Dutch voters will choose their next government on 15 March 2015. Opinion polling in the run-up to the elections has seen a slump in support for the governing centre-right liberal party of Prime Minister Mark Rutte. Their coalition partners in government, the Labour Party, have also seen a collapse in popularity. Instead, the far-right Party for Freedom (PVV) of Geert Wilders is widely expected to do very well, possibly emerging as the largest party with 18-21% of the vote and 30 seats in the 150-seat Dutch Parliament.
Why do so many Dutch voters support a far-right party? We had a comment sent in from Hayden, who said he was under the impression that the vast majority of people who vote for Mr. Wilders are not racist, but are merely “sick of the political correctness” and desperate for a voice to represent them. Is he right?
To get a response, we spoke to Matthijs Rooduijn, Assistant Professor of Sociology at the University of Utrecht. How would he respond to Hayden?
Well, first of all, the comment that most Wilders voters are not racist is, I think, correct. Of course part of the electorate that vote Wilders are racist, but it’s not the majority. Most people who vote for Wilders do so because they are worried about immigration. To an extent, it’s also about law and order, and European integration issues. But I would say the biggest issue for them is immigration. In fact, most of them are less radical than Geert Wilders himself. They vote for him because they think the other parties don’t deal with the issues or problems that they face.
It’s important to emphasise that Wilders himself is not racist either. His politics aren’t about race. Really, he is very strongly anti-Islam. It’s not even so much about immigration as a whole, it’s really more about the immigration of Muslims and about Islam. So, it’s true that most voters for Geert Wilders are not racist.
The second point made was that they’ve had enough of the political correctness of the established parties. That is also true, although it’s more about Islam than it is about political correctness. It’s true that a large number of Wilders voters have very low levels of political trust, meaning they are very distrustful towards the most important institutions, such as political parties and politicians. So, they are not satisfied with the political culture and the way in which political parties make decisions. So, in general, I think these things are the most important for Wilders voters; the immigration issue, Islam, and the lack of political trust. These are the most important reasons why these voters support Geert Wilders.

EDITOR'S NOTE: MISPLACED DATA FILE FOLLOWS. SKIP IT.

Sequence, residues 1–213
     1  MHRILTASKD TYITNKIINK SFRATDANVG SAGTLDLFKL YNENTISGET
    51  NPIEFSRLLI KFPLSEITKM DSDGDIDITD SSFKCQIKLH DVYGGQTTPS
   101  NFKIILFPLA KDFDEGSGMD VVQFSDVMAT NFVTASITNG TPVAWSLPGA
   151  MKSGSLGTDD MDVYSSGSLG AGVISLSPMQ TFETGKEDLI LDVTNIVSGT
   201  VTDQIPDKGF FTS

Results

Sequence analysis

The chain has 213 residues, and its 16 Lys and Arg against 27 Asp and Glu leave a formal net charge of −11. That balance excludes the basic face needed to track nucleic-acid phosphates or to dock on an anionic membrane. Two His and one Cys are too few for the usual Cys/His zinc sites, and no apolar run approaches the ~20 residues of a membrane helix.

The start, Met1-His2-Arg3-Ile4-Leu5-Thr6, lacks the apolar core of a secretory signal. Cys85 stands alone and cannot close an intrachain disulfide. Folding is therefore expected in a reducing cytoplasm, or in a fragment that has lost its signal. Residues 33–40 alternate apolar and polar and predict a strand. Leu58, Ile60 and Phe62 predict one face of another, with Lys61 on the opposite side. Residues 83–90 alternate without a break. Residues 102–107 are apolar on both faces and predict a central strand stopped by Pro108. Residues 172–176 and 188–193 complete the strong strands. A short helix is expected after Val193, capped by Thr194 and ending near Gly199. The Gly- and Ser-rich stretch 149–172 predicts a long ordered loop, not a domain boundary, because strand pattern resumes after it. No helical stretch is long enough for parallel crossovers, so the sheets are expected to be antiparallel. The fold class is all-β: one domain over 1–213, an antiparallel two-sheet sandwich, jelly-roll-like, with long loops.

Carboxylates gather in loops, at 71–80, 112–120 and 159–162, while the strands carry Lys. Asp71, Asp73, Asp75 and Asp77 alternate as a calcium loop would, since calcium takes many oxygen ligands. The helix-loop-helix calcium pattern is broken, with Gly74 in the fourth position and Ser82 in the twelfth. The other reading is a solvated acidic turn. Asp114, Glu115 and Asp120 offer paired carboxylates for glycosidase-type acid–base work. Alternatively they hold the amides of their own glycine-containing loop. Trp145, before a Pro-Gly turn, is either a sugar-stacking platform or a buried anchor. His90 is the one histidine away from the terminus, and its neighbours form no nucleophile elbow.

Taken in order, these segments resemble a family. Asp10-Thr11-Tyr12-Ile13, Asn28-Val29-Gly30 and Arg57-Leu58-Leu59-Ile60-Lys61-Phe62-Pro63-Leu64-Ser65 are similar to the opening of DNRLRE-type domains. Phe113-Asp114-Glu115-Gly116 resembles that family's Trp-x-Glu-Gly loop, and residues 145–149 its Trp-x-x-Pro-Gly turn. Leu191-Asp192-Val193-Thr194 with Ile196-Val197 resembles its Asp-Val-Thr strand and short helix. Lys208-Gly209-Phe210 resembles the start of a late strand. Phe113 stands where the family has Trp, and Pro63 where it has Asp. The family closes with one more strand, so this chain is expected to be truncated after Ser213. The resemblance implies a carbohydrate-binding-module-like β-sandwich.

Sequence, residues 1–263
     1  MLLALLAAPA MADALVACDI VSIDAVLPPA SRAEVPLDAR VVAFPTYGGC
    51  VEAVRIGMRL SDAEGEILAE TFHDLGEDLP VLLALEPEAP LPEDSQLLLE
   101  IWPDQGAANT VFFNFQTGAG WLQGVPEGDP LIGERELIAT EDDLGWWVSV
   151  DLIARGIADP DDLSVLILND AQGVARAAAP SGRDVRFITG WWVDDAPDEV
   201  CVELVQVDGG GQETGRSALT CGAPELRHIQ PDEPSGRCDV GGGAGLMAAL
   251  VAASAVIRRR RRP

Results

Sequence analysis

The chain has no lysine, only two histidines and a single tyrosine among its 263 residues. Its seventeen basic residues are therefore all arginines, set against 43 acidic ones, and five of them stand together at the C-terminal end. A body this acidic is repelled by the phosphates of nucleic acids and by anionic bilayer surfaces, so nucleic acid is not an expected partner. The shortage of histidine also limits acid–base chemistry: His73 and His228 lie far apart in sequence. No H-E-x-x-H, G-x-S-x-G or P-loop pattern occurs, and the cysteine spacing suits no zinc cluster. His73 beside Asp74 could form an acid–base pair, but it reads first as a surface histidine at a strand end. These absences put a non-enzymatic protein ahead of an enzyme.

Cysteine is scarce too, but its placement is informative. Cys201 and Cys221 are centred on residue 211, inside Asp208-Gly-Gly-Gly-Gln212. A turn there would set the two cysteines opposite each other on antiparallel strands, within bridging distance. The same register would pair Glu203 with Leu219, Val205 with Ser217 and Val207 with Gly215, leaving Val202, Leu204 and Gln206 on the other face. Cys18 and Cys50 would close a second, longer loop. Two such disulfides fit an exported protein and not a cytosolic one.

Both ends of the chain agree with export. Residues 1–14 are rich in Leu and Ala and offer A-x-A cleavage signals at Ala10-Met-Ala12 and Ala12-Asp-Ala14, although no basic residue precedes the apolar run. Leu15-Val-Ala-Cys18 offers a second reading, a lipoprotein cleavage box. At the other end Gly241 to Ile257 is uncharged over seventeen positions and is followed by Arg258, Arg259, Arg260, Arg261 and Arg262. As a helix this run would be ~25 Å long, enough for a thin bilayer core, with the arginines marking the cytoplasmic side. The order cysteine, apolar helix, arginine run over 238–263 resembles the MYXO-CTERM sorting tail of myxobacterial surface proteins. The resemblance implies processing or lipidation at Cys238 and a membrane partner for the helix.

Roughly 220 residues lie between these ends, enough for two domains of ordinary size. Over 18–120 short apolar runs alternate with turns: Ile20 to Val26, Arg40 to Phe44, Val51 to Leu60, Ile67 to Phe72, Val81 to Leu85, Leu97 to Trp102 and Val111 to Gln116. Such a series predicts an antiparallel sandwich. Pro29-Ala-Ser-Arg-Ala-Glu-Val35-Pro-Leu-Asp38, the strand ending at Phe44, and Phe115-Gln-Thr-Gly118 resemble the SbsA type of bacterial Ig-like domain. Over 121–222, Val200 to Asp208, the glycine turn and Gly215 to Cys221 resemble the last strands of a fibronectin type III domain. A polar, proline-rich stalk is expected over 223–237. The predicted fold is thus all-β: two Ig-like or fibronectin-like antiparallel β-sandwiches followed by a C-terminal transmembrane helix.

We also had a comment from Carmela, suggesting that people were voting for nationalist, populist parties as a protest vote against the establishment. Is she right? Do PVV voters really want to see Geert Wilders in power, or is it more of a protest vote to force the mainstream parties to sit up and listen?
The idea behind ‘protest voting’ is that you vote for a party not so much because you like that party, but more because you dislike the other parties. And that might be the case for some of the Wilders voters. However, a majority of Wilders supporters vote for him because, to some extent, they agree with his policies, and especially his ideas about immigration. Some of these voters have really similar ideas to Wilders, some are even more radical, but most of them are less radical than Geert Wilders. And they vote for him because they think that by voting for him they will have an impact on eventual policymaking, either because Wilders will eventually have a place in the cabinet or because he will influence mainstream political parties.
For a majority of voters, I don’t think they would dislike a cabinet with Geert Wilders in it. Most of his votes are loyal to him, and they would like him to be in government. But they also know that there would have to be a government coalition, meaning he would have to compromise.
Finally, we had a comment from Tomasz, who said he thinks the reason people vote for Geert Wilders is because he is the only Dutch politician who “tells the truth”.
To get a reaction, we put Tomasz’s comment to Koen Vossen, Assistant Professor of Political Science at the University of Nijmegen. What would he say?
Well, of course, that’s very difficult to respond to. What ‘truth’ is Wilders telling, exactly? You could say that what Wilders’ strength is – and what makes him very attractive to a lot of people – is that he has police protection 24-hours a day, and so people see this as a sign that he’s willing to give up his own personal freedom for his beliefs. That makes his statements, for a lot of people, seem very courageous.
But is he telling the truth? If you looks at the facts, for example, then he has said that blonde girls in the Netherlands don’t dare to show their hair anymore. Well, this is complete nonsense. Maybe there are some anecdotes of girls who don’t dare to do this, but anecdotes are not the truth… It’s also complete rubbish that there will be a Muslim takeover in the Netherlands within twenty years because of demographics. It’s not true.
When you ask people how many Muslims there are in the Netherlands, they think it’s 20%. It’s actually more like 5%. So, telling the truth, no… What makes his message so strong is that he always starts by saying: ‘You are not allowed to say this.’ Well, you’ve been allowed to say what he’s saying for years in the Netherlands, but still, he says: ‘You’re not allowed to say this. Look at me, I’m under police protection. But I’m going to say it. I’m going to tell the truth.’ It’s a very powerful strategy.
Why do people vote for Geert Wilders? Is it a protest vote? Do they believe Geert Wilders is the only person brave enough to tell ‘the truth’? Let us know your thoughts and comments in the form below and we’ll take them to policymakers and experts for their reactions!